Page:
Five reasons I love working in Switzerland
Working in Switzerland has been a completely different experience for me compared to working in the US. I really feel like the work/life balance is better. Or maybe it is just that coming home each day still feels like vacation when you live someplace so beautiful. Either way, there are a lot of little differences that contribute to why Switzerland is consistently ranked as one of the top places to live/work. Here's what I appreciate about working here:
1. Cultural diversity - Of course not every company in Switzerland is culturally diverse, but for us Ex-pats, we tend to end up at the larger international corporations where English is the corporate language. In my department of 10 people, we represent 8 different nationalities (American, Austrian, Bermudian, British, Colombian, German, Swiss, Zimbabwean) - how cool is that?! Even when I worked for a huge international corporation in Milwaukee, the people that I actually saw every day were pretty much from Milwaukee or the Midwest area. I absolutely love being in an environment where I get to meet so many people from so many different countries and cultures - it's something I absolutely never would have been exposed to in Wisconsin. It's also intimidating (inspiring?) to hear how many languages everyone here speaks...it really puts us English-speakers to shame.
2. Commuting by train/bus - Again, some people do drive, but the wonderful thing is: in Switzerland you don't have to! There is incredibly reliable and efficient public transportation, which is way less stressful than being stuck in traffic jams every day. Coming from the US, where I drove to work every single day, I was worried that being confined by a train schedule would limit my flexibility/freedom, but it's actually way less hassle. I take the 8:02 train every morning (and I walk into the office every day at exactly 8:24) and the 5:36 train home almost every evening. And those 20 minutes on the train each direction can be spent listening to podcasts, reading a book, catching up on Netflix, drinking my coffee, or just enjoying the beautiful Swiss countryside pass by. The trains are so predictable that I know I can leave the office at 5:33, walk at a leisurely pace, and arrive at the train platform exactly as the train pulls up. It's amazing. And on the rare occasion that the trains are 2 minutes late, the conductor inevitably professes his sincere apologies for the huge inconvenience. This country gets me.
3. Hour lunch breaks are enforced/taken - In the US, I almost always ate lunch at my desk and it usually lasted about 15 minutes. And it was the same for everybody else. The mentality was, "if I take a short lunch break, I can be more efficient and leave earlier in the evening." It's completely different here. If you even try to eat at your desk, you'll be politely reminded that that is what the kitchen/break room is for, and they'll express concern that you must be so overloaded with work. Once I realized that everyone actually does leave for lunch and that they take at least an hour and that that is completely accepted/expected, I was totally on board. I've come to love my hour lunch, especially when the weather is nice. In less than 10 minutes, I can walk to the lake from our office and sit in the sun and read. And you know what? The work day is way less sucky when you actually take a break. I come back feeling refreshed and more motivated than I ever would have if I hadn't taken a break. The majority of my colleagues use their lunch break to exercise and I often use the time to go grocery shopping (or clothes shopping since we have an H&M and Zara within walking distance). This is one practice I wish American work culture would enforce more. People actually do work better when they are encouraged to have some time to themselves to sit in the sun and relax!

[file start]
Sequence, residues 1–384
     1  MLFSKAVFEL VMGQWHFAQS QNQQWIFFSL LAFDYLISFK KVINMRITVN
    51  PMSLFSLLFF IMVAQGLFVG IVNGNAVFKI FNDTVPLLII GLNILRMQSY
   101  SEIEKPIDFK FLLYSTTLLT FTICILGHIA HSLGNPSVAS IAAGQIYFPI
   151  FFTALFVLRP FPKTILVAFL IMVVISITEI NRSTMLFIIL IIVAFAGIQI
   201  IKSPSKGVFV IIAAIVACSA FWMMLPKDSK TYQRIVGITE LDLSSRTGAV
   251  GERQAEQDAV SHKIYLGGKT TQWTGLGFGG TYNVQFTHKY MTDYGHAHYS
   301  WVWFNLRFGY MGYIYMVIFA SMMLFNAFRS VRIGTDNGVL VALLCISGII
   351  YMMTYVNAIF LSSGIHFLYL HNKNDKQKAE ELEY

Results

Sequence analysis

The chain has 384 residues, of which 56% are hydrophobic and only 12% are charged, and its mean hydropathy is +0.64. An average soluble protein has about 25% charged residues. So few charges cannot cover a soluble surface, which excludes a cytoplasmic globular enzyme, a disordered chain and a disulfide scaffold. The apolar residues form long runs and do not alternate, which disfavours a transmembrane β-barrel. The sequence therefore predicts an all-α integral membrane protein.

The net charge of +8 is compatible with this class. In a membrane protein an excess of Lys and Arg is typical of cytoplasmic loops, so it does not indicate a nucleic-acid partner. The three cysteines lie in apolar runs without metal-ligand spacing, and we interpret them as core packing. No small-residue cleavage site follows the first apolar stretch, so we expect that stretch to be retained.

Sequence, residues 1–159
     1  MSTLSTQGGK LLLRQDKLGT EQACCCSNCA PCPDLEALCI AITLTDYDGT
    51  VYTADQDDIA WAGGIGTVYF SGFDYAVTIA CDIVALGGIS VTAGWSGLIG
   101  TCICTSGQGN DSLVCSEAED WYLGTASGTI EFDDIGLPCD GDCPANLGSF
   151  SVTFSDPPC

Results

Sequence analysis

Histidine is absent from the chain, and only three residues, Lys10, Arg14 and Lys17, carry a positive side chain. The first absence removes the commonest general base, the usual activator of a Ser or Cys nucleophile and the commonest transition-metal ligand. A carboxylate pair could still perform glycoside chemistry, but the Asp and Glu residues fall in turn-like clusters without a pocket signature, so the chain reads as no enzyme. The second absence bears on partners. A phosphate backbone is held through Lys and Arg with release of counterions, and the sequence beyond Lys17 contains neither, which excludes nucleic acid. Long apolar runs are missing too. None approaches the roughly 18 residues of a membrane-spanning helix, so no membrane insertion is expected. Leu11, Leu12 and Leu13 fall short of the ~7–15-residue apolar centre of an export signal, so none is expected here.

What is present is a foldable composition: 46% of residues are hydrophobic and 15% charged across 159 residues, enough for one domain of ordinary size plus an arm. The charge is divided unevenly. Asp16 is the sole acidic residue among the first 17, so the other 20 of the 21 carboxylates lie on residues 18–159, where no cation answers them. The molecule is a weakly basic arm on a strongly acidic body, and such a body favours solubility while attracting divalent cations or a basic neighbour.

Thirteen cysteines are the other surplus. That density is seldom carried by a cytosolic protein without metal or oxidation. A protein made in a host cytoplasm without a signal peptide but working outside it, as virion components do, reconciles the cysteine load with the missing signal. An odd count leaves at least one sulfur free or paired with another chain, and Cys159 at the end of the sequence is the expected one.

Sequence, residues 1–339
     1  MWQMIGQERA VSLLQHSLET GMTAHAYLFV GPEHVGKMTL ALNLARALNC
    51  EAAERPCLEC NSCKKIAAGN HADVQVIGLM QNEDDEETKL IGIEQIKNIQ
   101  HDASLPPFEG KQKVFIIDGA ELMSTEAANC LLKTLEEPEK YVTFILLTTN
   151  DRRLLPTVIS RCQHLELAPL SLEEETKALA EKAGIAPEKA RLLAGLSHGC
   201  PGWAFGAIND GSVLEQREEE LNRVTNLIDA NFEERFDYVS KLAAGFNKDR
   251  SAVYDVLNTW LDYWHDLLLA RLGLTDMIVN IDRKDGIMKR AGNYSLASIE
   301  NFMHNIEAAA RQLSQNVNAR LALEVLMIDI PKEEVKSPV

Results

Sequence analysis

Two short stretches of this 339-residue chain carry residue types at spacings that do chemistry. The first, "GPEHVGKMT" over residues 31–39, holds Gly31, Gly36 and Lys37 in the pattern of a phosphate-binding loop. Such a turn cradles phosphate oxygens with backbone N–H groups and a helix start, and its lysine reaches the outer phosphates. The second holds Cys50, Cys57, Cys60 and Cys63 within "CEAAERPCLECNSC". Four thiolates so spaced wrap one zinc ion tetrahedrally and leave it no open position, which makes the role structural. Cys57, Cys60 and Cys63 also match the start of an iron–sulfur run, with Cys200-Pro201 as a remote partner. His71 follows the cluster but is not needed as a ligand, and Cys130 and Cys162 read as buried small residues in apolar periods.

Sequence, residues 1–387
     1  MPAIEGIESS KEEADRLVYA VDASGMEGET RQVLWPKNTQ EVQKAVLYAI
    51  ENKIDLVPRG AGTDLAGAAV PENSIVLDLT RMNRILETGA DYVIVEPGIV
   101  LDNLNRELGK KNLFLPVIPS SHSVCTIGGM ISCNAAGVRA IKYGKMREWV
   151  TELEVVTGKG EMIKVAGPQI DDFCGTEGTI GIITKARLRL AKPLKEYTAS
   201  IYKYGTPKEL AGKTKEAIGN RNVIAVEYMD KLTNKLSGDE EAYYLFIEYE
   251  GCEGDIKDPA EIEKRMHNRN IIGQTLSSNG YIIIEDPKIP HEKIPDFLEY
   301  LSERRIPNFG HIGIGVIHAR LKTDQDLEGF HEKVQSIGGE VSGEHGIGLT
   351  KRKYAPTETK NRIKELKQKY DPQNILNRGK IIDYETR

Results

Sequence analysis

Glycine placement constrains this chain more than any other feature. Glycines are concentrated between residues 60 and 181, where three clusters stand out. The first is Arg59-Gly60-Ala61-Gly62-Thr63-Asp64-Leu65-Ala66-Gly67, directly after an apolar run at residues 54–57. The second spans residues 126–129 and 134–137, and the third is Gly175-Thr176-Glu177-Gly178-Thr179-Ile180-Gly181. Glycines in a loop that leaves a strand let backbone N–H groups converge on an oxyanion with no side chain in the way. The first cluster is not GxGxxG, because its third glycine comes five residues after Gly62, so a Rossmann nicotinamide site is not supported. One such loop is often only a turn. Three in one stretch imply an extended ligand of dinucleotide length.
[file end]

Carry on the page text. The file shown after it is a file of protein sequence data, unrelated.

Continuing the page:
4. Four weeks' vacation is standard - For the same reason as above, the US could really learn a lesson here. Work is way more tolerable when you always have a vacation in the near future to look forward to. In the US, I had to work at the same company for five years before I was granted my third week of vacation. Here, four weeks is standard, but most employers offer five - even for entry-level employees. And on top of that, we have about 10 additional public holidays throughout the year - as a catholic kanton (county), we get every single catholic holiday off and there are a lot! Happy and relaxed employees are more productive employees! Holiday destinations are always a big topic of discussion, because there is plenty of time to travel to exciting places! In the US, people only have time to take about one trip a year and that is usually to Florida (it was for me growing up at least!). Here, everyone is going to Thailand, Croatia, Patagonia, New Zealand, Zanzibar, etc. It's crazy. The whole world has literally been opened up to me as a result of living here and I'm incredibly grateful. (Our next trip is southern Portugal, by the way, at the end of May).
5. Flexible work options are normal - When I first started my job here I worked 60%, which was 3 days a week. I have other colleagues who work 80%, 50%, etc. One of my teacher friends is able to work one week on, one week off through a team-teaching approach. Of course it is mainly women with families who are working part time, but the concept is fairly common. And it's a nice option to have. I work full time now, but how nice is the idea of one or two extra days off during the week? Especially for those with children, the multitude of part-time work options makes it a lot easier to have both a career and family time.